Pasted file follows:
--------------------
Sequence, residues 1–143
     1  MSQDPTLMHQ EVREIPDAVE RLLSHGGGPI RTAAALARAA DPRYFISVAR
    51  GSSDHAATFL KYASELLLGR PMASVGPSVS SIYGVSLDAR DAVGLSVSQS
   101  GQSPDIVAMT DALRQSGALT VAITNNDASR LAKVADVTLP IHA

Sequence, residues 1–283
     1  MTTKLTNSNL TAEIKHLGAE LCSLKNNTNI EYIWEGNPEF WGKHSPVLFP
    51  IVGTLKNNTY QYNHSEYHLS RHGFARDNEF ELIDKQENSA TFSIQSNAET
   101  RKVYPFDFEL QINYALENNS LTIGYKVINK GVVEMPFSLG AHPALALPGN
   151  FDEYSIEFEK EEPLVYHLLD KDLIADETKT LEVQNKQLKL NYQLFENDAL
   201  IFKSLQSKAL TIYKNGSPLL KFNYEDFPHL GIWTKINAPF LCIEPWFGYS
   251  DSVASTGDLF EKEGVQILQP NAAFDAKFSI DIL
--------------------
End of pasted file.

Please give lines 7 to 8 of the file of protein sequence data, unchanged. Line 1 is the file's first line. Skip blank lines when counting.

    51  IVGTLKNNTY QYNHSEYHLS RHGFARDNEF ELIDKQENSA TFSIQSNAET
   101  RKVYPFDFEL QINYALENNS LTIGYKVINK GVVEMPFSLG AHPALALPGN